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  • Joint dislocation

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    A joint dislocation, also called luxation, occurs when there is an abnormal separation in the joint, where two or more bones meet. A partial dislocation is referred to as a subluxation. Dislocations are often caused by sudden trauma on the joint like an impact or fall. A joint dislocation can cause damage to the surrounding ligaments, tendons, muscles, and nerves. Dislocations can occur in any joint major (shoulder, knees, etc.) or minor (toes, fingers, etc.). The most common joint dislocation is a shoulder dislocation. Treatment for joint dislocation is usually by closed reduction, that is, skilled manipulation to return the bones to their normal position. Reduction should only be performed by trained medical professionals, because it can cause injury to soft tissue and/or the nerves and vascular structures around the dislocation.

  • Ingrown nail

    serch.it?q=Ingrown-nail

    An ingrown nail (also known as onychocryptosis from (onyx, "nail") + κρυπτός (kryptos, "hidden") or unguis incarnatus; or more specifically ingrown toenail) is a common form of nail disease. It is an often painful condition in which the nail grows so that it cuts into one or both sides of the paronychium or nail bed. While ingrown nails can occur in the nails of both the hands and the feet, they occur most commonly with the toenails (as opposed to fingernails). A common conception is that the nail enters into the paronychium, but an "ingrown toenail" can simply be overgrown toe skin. The condition starts first from a microbial inflammation of the paronychium, and then a granuloma, which results in a nail buried inside of the granuloma. A true ingrown toenail is caused by actual penetration of flesh by a sliver of toenail.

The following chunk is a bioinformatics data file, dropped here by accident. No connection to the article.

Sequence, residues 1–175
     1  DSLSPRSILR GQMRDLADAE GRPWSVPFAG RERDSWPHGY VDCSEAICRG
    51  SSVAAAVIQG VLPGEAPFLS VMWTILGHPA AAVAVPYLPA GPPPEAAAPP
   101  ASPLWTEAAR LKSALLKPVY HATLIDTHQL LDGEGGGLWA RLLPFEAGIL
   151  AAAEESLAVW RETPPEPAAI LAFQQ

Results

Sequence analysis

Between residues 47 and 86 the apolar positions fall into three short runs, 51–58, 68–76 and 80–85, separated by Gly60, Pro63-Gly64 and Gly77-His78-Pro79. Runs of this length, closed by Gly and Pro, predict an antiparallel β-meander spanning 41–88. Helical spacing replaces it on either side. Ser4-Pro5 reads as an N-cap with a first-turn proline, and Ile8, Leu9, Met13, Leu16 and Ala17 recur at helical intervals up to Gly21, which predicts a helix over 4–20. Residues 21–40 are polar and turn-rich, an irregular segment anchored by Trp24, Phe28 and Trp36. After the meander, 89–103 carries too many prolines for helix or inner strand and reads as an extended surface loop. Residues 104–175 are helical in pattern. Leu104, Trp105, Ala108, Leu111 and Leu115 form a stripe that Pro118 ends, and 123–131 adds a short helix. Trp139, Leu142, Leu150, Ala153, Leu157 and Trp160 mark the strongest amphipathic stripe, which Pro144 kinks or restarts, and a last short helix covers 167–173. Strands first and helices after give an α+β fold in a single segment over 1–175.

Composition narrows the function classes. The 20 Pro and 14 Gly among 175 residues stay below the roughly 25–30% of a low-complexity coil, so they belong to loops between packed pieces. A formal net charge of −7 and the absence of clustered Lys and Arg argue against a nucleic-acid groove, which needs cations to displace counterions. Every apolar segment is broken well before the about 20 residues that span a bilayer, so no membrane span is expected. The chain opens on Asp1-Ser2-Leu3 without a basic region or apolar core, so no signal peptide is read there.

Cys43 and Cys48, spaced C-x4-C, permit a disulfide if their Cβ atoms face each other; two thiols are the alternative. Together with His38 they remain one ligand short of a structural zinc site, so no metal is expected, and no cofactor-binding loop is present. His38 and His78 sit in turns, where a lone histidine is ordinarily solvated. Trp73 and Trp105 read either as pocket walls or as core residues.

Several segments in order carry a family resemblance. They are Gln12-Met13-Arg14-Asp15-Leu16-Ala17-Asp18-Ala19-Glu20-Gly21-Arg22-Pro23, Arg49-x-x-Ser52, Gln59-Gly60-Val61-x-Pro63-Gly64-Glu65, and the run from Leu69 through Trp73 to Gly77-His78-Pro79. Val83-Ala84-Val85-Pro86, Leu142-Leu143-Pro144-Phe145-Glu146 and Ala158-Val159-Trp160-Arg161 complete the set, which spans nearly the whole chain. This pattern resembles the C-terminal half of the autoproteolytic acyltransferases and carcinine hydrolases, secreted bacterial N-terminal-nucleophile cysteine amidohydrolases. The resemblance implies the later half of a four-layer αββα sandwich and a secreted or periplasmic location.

• Bruise

    serch.it?q=Bruise

    A woman's bruising after a severe fall. A contusion, commonly known as a bruise, is a type of hematoma of tissue in which capillaries and sometimes venules are damaged by trauma, allowing blood to seep, hemorrhage, or extravasate into the surrounding interstitial tissues. Most bruises are not very deep under the skin so that the bleeding causes a visible discoloration. The bruise then remains visible until the blood is either absorbed by tissues or cleared by immune system action. Bruises, which do not blanch under pressure, can involve capillaries at the level of skin, subcutaneous tissue, muscle, or bone. Bruises are not to be confused with other similar-looking lesions primarily distinguished by their diameter or causation. These lesions include petechia (1 cm caused by blood dissecting through tissue planes and settled in an area remote from the site of trauma or pathology such as periorbital ecchymosis, e.g.,"raccoon eyes", arising from a basilar skull fracture or from a neuroblastoma).

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